Shifting gears now the IRS investigations, another story that Alex Jones Rand Paul will surely cite as evidence of an Obama-led Globalist Takeover. House Intel Committee chair Mike Rogers was on Fox News Sunday, blasting the IRS’ inappropriate investigation of conservative groups.

“I don’t care if you’re a conservative or a liberal, a Democrat or a Republican – this should send a chill up your spine,” Rep. Mike Rogers (R-Mich.) said on “Fox News Sunday.” “This is not something we can let stand. We need to have a full investigation. I don’t know where this stops, who is involved. We need to have a fact-based investigation and it has to be external.. [sic] and I think Congress needs to have that oversight.”

Which is intriguing. Rogers’ defense of civil liberties this morning doesn’t exactly square with his record as the co-sponsor of CISPA, a bill that would have granted the government the right to conduct fishing expeditions online in an era when peaceful anti-war activists, transparency advocates, anarchist dissidents, and Muslims are routinely and inappropriately targeted for harassment by the Federal government (Oh and, by the way, his wife was, “until recently, the president and CEO of Aegis LLC a “security” defense contractor company, whom she helped to secure a $10 billion (with a b) contract with the State Department.”)

Republican Senate Leader Mitch McConnell also denounced the IRS investigations as “thuggish practices,” despite his own history of boosting creepy government. He called for Julian Assange “to be prosecuted to the fullest extent of the law and if it that becomes a problem, we need to change the law” — all for publishing classified information, which the New York Times and Washington Post do on the regular. And when Alberto Gonzales was forced to resign in 2007 after it was revealed he fired U.S. Attorneys that weren’t engaging in a witch hunt against Democratic candidates, McConnell decried “poisonous partisanship that we’ve sadly grown accustomed to over the past eight months.”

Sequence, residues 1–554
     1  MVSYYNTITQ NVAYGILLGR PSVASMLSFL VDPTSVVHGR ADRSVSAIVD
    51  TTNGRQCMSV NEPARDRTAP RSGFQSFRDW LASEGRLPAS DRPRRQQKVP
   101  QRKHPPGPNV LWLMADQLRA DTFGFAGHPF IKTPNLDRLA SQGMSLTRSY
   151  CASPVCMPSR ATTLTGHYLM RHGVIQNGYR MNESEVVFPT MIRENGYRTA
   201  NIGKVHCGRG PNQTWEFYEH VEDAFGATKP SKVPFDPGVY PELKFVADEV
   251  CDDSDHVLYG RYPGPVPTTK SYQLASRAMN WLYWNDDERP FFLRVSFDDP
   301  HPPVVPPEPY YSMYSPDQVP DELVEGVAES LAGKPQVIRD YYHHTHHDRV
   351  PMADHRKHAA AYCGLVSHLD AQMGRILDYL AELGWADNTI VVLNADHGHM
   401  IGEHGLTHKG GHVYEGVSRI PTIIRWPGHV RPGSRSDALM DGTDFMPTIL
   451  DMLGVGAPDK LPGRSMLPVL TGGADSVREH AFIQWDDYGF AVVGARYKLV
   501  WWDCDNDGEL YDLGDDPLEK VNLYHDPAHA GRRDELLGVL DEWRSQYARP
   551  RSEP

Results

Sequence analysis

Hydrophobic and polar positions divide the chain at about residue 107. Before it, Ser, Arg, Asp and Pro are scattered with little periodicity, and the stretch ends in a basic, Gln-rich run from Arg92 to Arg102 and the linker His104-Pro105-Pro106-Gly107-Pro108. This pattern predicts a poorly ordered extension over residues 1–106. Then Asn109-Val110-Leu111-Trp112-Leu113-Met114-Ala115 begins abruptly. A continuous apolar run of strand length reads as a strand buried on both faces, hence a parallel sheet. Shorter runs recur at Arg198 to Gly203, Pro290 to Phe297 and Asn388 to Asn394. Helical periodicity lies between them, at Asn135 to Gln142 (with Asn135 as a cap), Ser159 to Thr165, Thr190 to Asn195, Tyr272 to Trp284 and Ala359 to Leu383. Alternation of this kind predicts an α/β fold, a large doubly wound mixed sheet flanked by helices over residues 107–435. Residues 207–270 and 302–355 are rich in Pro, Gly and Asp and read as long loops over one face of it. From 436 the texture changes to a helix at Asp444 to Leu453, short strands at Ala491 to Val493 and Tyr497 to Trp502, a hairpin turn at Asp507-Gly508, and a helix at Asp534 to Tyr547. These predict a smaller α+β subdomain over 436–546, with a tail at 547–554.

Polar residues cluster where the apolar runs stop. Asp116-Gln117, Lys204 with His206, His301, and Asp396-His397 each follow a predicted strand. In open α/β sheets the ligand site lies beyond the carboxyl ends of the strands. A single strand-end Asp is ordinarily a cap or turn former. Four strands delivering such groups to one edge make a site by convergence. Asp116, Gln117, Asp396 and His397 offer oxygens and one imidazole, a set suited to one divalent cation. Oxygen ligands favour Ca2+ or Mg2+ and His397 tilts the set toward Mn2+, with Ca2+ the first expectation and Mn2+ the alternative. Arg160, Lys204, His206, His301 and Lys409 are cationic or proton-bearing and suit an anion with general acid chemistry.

Why this matters is that Americans without a dog in this fight will lose. The Obama administration might be guilty of some misdeeds here — Pickering’s report, for example, didn’t address whether or not the State Department actively sought to make the situation in Libya appear more stable than it actually is. But the “facts” that will emerge are going to come from overzealous and vindictive partisan investigators with a long history of putting party over country. Republicans who fancy themselves as righteous muckrakers have little credibility beyond conservative activists, who seem to think that history started in 2009. Tea Party die-hards might have the memories of meth-addicted gold fish, but the majority of political observers don’t. Which is why it can be hard to take their hootin’ and hollerin’ seriously — even if investigations aren’t inappropriate.

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Samuel Knight is a freelance journalist living in DC and a former intern at the Washington Monthly.